Undocumented Mustique

Undocumented Mustique

I travelled to Mustique with various pre-formed opinions and
some not inconsiderable concern about the experience I would have
there. Tabloids and magazines give the impression that the island
is a beacon of luxury and privilege. Indeed, a celebratory book on
the island and its transformation in the 1960s by old Etonian Colin
Tennant (and the almost impossibly named Hugo Money-Coutts)
declares in the first sentence that Mustique is “fantasy realized”.
The Duke and Duchess of Cambridge honeymooned there, Mick Jagger
has a house, as does Bowie, and it is the frequent haunt of
supermodels and entrepreneurs – in other words, the super-rich.

I struggled to get my head around the idea. “Think of it as a
hotel, where each villa is a room,” suggested one holidaymaker. I
asked a Canadian expat who had been living and working on Mustique
for 16 years what she felt about the entire island being a resort:
“I wouldn’t say that it’s a resort; the same people come back, time
and again, and you build relationships with them. It’s more of a
community”. But the community she referred to was made up of people
who owned mansions on the island and not the locals who were born
and raised on the island and attended school there, who grow up to
work almost exclusively as staff (butlers, housekeepers, cleaners,
chefs) in the mansions of international tourists. I noted on my
arrival that the villa in which I stayed had only UK plug

The prettiness of the houses in the local village is striking:
pastel shades and picket fences, chairs and hammocks on open
porches. I met with the Pecky, the owner of the only real bar for
the 500 locals who live here year round, to talk about what happens
outside of homes of the rich and famous. “There is so, so much more
to Mustique. We have a good time here. The people that come and go
don’t phase us – they’re just another person. It’s not about their
money or how famous they are. We just get on with things.”

Towards the end of my trip, I met with Basil Charles, who runs
the island’s “only” bar – the only bar intended for holidaymakers,
in any case. Basil – originally from St Vincent – was employed on
Mustique as a bartender in 1971 by Tennant, and worked up to owning
his own venue, eventually becoming famous on the island and among
its visitors as their host. For someone so formative in the
development of the island as it is now, I expected glowing praise.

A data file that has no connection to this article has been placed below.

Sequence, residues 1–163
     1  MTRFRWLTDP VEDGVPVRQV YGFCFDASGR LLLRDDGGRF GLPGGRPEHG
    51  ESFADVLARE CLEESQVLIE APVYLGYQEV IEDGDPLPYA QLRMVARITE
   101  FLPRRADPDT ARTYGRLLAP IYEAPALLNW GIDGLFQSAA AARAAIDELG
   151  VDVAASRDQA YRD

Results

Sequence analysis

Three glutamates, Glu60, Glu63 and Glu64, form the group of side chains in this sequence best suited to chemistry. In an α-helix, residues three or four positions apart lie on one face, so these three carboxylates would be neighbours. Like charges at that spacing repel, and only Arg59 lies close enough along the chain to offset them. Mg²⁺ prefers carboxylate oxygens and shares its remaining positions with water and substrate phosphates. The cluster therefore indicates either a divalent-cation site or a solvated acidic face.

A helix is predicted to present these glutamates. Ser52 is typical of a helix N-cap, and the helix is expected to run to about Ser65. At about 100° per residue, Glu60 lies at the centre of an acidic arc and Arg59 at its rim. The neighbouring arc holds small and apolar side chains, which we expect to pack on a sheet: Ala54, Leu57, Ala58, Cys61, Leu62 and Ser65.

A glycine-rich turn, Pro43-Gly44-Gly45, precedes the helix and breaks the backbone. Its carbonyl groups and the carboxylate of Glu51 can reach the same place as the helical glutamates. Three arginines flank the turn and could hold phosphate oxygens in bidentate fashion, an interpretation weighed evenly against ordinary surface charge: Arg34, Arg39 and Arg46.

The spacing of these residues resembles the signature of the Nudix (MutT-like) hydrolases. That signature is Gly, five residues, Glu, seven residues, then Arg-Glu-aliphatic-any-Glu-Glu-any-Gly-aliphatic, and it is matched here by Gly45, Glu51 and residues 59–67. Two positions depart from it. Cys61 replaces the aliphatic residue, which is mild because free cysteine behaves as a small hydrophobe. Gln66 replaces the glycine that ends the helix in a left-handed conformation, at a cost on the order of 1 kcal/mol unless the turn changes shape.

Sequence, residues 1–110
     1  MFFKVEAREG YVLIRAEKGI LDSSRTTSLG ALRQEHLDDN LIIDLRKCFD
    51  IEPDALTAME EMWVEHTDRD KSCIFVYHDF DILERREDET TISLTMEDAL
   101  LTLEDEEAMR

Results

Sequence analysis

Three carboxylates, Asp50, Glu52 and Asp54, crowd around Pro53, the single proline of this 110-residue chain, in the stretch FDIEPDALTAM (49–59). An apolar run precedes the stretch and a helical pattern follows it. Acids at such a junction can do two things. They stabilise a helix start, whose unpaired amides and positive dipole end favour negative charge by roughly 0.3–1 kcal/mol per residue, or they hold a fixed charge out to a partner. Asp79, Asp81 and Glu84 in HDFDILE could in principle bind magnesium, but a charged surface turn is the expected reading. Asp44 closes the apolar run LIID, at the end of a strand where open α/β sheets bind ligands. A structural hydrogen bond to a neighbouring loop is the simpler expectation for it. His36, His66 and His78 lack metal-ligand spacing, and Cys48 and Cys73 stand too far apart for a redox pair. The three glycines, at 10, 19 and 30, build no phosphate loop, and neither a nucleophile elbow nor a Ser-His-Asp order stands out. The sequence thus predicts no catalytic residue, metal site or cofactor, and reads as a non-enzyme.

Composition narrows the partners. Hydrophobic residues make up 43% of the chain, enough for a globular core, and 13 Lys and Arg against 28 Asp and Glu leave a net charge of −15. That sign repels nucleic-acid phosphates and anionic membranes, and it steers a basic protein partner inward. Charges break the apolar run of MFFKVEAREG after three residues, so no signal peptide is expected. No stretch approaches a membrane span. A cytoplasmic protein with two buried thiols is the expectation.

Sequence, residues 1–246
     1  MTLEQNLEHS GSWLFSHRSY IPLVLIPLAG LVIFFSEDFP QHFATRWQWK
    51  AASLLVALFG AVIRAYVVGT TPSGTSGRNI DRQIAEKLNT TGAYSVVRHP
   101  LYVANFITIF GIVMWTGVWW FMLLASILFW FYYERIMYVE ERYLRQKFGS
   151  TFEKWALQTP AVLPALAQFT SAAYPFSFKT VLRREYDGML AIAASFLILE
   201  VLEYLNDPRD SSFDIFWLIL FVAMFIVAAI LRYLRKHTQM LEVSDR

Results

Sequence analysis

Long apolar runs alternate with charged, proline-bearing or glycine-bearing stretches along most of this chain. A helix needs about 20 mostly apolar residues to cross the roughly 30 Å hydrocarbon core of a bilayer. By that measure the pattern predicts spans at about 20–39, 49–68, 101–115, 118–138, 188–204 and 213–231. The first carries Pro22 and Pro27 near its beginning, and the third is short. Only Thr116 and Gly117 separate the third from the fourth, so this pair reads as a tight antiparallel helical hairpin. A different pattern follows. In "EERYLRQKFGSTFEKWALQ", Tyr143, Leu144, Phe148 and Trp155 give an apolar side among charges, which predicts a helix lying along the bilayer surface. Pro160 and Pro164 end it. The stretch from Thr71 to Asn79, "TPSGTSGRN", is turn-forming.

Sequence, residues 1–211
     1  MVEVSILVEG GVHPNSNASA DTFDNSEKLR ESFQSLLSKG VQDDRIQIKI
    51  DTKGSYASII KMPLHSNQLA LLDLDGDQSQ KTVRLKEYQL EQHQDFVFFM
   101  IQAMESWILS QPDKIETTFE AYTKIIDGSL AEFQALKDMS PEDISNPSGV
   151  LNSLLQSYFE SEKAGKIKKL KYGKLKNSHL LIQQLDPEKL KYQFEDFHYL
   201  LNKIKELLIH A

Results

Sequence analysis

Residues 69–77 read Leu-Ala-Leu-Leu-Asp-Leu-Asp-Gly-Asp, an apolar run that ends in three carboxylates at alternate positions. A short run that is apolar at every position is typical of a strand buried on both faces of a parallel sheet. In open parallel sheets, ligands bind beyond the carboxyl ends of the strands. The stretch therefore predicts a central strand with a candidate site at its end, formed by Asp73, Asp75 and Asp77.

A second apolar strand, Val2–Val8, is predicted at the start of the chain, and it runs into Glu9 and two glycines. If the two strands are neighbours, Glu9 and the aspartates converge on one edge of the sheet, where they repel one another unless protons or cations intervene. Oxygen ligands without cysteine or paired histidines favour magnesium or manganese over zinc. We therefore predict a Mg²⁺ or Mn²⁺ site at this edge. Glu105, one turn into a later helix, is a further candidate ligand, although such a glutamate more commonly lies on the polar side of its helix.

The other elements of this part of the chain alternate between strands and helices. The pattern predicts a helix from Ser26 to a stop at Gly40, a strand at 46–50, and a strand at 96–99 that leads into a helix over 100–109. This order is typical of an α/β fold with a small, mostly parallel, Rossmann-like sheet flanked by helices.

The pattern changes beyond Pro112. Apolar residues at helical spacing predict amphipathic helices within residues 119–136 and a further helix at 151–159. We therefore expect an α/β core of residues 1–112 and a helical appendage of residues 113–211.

Indeed, when I asked what he thought made Mustique such an
attraction, he emphatically called it “The safest place on God’s
earth.” Children come and dance in his bar late at night and their
parents don’t have to worry. There is no crime, no theft.

He referred to the local village as a gated community
and the foreign homeowners as vampires of vanity

Further into the conversation he became more damning: “The
island is colonial. The indigenous people here have no rights…
The Mustique Company want to make them comfortable so they don’t
complain, but really they have no choice over anything.” He was
referring to the company which owns the island, and is in turn
owned by the island’s many foreign home owners.

In this, and in many other ways, Mustique is a complete
anachronism, and one wonders how a place so seemingly segregated
can endure in the way that it does. Granted, the island and its
tourism generate a great deal of money and employment opportunities
for St Vincent and the Grenadines, and The Mustique Company donates
something to the island every year: a community centre and a
library are two recent examples. Fundraisers for the island’s
municipality and schooling are often held.

I was shocked when Basil told me that on Christmas and New Year
locals are not allowed on the most popular beaches, as they are
reserved for international homeowners. He referred to the local
village as a “gated community” and the foreign homeowners as
“vampires of vanity.”

My aim was to make a visual record of the unreported side of the
island, away from the well-worn spiel of moneyed fantasy. As Pecky
had said, there is much more to Mustique than perfect
air-conditioning and raked beaches. “You don’t need money to have a
good time anywhere,” said one local I spoke with who works in a
villa. “We try and make sure people who come and stay have a good
time, but the truth is they don’t always seem happy. What Mustique
is for them is who’s been invited where, what dinner’s going on.
But then you look around – it’s beautiful here. It costs nothing to
be grateful for where you are.”

Great piles of conch shells line the seafront by the fisherman’s
village, the coral pink a rim against the turquoise sea, the sun
glittering overhead. A barbecue sizzles with fresh tuna, steam
rising outside the bright lights of the bar in the local village on
a Saturday night. Soca music plays, and people get together and
drink beer and rum, impervious to the social machinations of the
expats. It is this Mustique – a Mustique quite different from the
manicured hedges and celebrity hangouts reported in the press –
that I have tried to document in these photographs.

@alice.zoo |

Southeast Asia, Islands

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